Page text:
What we missed in Cinemalaya’s synergy of the senses
LIVE FEED - Bibsy M. Carballo (The Philippine Star) - August 7, 2013 - 12:00am

The recent ninth Cinemalaya Cinesthesia has been dubbed a Synergy of the Senses. The dictionary describes synergy as the interaction of multiple elements working together, while Cinesthesia in the arts is the simultaneous perception of multiple stimuli in one single experience. Both synergia and synesthesia originated from the Greeks.

What a brilliant idea it was, we thought, to dub the ninth Cinemalaya in 2013 as Synergy of the Senses. It speaks of the changes that have occurred during the past nine years, how filmmakers and audiences have matured, and learned to work together.

As the prime leader of the independent movement in the Philippines, Cinemalaya the past nine years has witnessed both tears and misunderstandings, as well as successes and triumphs. Yearly, it has added new sections which now included Opening and Closing Film, New Breed Full-Length, Short Films, Directors Showcase, Cinemalaya Documentaries, Urian Best Films, Special Screenings, Exhibition films, and Tributes to Three Stalwarts in the film Industry who have left us — Marilou Diaz-Abaya, Celso Ad Castillo, National Artist Eddie Romero. There were also the Forum Series, and the growth of venues outside the Cultural Center of the Philippines to include Greenbelt 3, Trinoma and Alabang Town Center.

But naturally, all our recitation of happenings during the 10 days of the Festival was meant in particular to point out that while Cinemalaya has been adding venues and more and more sections, it has yet to go beyond the 10-day exhibition and competition period. 2014 marks the 10th year of Cinemalaya and perhaps the occasion would warrant at least a 15-day festival period. Happily, at the awarding ceremonies last Sunday at the CCP, Cinemalaya chairman Antonio Cojuangco spoke of the same problem, sharing possible solutions of extending screenings to even the viability of utilizing a TV timeslot to broaden the audience’s scope.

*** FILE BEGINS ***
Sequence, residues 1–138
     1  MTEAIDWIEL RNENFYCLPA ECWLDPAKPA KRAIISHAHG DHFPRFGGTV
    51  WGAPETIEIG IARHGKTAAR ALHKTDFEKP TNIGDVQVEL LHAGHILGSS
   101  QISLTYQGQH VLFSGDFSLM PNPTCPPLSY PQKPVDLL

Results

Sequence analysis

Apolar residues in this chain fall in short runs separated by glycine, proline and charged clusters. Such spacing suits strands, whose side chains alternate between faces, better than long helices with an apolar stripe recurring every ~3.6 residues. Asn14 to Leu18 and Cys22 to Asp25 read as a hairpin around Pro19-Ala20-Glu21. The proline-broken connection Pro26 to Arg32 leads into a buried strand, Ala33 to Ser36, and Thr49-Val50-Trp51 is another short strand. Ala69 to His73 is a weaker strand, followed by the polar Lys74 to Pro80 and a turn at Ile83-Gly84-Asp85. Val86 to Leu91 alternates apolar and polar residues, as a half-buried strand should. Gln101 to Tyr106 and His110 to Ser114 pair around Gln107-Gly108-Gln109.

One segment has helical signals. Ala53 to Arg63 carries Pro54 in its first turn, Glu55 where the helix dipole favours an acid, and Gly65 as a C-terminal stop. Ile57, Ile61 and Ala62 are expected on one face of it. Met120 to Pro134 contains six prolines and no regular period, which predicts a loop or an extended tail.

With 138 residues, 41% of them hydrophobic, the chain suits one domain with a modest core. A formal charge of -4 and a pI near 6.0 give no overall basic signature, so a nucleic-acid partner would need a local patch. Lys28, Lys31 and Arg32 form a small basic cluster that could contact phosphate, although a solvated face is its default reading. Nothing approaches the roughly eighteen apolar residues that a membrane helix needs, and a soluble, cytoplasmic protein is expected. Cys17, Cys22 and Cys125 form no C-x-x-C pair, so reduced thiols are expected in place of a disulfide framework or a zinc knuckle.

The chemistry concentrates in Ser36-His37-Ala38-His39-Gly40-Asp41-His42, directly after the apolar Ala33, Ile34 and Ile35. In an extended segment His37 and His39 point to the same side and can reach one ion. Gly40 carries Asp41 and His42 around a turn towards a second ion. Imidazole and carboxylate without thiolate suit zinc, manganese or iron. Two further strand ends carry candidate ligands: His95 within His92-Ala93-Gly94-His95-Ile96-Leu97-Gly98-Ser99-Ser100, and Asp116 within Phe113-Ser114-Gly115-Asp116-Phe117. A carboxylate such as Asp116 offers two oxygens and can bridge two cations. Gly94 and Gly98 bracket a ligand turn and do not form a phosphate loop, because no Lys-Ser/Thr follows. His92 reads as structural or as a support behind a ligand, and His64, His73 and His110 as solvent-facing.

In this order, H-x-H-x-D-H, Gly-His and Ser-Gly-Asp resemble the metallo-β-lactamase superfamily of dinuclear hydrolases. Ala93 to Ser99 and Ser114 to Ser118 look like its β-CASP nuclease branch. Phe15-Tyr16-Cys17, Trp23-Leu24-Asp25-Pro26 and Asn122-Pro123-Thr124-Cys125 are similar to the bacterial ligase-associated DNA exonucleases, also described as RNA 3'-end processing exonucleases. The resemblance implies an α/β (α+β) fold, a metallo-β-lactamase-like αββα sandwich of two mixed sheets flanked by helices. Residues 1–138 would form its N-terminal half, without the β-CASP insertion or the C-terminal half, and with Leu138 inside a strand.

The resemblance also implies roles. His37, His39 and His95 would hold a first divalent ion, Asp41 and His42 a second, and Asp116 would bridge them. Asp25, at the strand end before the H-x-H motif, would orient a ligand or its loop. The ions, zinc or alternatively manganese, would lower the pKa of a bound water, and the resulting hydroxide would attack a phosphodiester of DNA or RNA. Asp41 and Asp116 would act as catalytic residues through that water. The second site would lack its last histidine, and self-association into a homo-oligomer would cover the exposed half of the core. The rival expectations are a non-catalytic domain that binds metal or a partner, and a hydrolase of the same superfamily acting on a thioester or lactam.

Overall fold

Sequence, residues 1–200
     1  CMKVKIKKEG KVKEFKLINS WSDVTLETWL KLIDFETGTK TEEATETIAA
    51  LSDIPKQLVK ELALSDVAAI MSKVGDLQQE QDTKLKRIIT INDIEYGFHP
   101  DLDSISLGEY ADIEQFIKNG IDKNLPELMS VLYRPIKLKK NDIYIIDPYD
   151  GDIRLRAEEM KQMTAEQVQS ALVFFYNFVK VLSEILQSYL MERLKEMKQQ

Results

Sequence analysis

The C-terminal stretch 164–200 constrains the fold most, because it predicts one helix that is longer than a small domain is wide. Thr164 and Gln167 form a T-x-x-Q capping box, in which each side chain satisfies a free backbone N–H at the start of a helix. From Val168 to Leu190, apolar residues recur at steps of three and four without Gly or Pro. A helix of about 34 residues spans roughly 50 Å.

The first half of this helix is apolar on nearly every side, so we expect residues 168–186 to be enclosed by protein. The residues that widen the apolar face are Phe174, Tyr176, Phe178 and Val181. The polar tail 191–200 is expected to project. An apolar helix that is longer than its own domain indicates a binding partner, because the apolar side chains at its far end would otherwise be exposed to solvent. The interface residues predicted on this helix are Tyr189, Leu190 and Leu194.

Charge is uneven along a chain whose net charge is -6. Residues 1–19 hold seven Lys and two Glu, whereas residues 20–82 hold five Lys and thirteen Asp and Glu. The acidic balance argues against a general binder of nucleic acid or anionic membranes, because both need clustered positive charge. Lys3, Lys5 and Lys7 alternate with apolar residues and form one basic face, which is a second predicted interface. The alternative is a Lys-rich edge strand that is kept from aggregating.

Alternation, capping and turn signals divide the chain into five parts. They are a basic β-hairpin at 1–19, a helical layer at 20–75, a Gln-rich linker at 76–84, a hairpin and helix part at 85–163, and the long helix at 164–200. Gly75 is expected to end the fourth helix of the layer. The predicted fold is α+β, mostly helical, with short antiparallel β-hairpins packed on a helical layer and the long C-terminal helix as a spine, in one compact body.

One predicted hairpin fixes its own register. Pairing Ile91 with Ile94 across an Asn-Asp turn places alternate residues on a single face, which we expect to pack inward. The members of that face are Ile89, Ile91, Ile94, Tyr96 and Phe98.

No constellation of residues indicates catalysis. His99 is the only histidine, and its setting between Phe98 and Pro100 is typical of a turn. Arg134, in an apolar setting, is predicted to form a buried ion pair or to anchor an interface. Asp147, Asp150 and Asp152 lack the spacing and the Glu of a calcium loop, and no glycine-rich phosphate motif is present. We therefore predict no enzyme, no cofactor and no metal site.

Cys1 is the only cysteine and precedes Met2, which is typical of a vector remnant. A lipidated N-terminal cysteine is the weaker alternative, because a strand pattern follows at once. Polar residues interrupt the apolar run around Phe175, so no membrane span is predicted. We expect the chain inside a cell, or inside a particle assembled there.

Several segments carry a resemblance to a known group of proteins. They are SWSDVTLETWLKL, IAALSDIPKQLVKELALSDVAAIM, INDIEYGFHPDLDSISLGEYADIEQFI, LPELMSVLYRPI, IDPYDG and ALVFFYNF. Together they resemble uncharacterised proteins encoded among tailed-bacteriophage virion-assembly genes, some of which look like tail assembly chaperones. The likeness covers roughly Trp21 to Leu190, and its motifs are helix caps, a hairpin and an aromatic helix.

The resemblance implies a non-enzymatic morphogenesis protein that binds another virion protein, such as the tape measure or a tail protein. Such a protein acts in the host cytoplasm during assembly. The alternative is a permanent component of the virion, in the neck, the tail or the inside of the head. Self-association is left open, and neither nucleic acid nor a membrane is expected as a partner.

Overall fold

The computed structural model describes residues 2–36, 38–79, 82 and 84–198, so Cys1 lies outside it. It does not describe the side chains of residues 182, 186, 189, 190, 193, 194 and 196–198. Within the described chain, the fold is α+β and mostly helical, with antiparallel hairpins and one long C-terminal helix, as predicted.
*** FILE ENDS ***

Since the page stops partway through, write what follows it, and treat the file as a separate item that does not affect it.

We have been told that this year’s attendance has reached the 75,000-mark, compared to 66,000 of 2012. With next year being Cinemalaya’s 10th anniversary, Chairman Cojuangco revealed some changes like moving the Cinemalaya date from Aug. 1 to 10. This year, a friend who watched at Trinoma reported that the line on the queue was breaking records. Similar reports at other satellite venues told the same story. The profile of the audience has also changed. We have never seen as many elderly with grandchildren in tow at CCP. Two of them who had bought season passes told us they couldn’t watch everything, so they asked what would we recommend. All we could say was not to bring the apos to the “adults only” films which were plentiful. Entertainment columnist Mario Bautista counted 10 in what was called the “Masturbation Festival.” We had watched only three out of which two were uncalled for.

We managed to watch big winner Transit, Liars which discovered new child stars, Ekstra starring Best Actress awardee Vilma Santos, Babagwa, Porno, Amor Y Muerte, Instant Mommy, second biggest winner Sana Dati, Chris Ad Castillo’s first full-length film in the horror The Diplomat Hotel, Debosyon, David F, Rekorder, Purok 7, half of Urian’s Best Ang Pagdadalaga ni Maximo Oliveros, Shorts A, half of Urian’s Batang West Side, most of Eddie Romero’s Aguila with FPJ in the Tribute category, and the tail-end of Gender Construction in Indie Film with Joey Reyes and Jade Castro from the Forum Series. It was absolutely frustrating. We should have done the entire forum instead of some of the entries we watched. We missed Burgos since our ride was threatening to go home. So please give us more days to make the most of the offerings. Or give us midnight screenings.

  As a last word, Joey Reyes was telling his audience that an indie film simply meant not going through the studio system. It could be a commercial film like Instant Mommy by Leo Abaya with Eugene Domingo, replete with comedy but was still an indie film since it wasn’t studio made. One must remember that commercial films follow the current trend of the times. Indie films are counter-culture. Another interesting point Joey was telling his audience is that everyone today is a product of television. The gender roles you see in film, you also see on TV. That was when we had to leave to watch another film. Grrr!

(E-mail your thoughts to bibsyfotos@yahoo.com.)


  • Latest
  • Trending
Are you sure you want to log out?

Philstar.com is one of the most vibrant, opinionated, discerning communities of readers on cyberspace. With your meaningful insights, help shape the stories that can shape the country. Sign up now!

or sign in with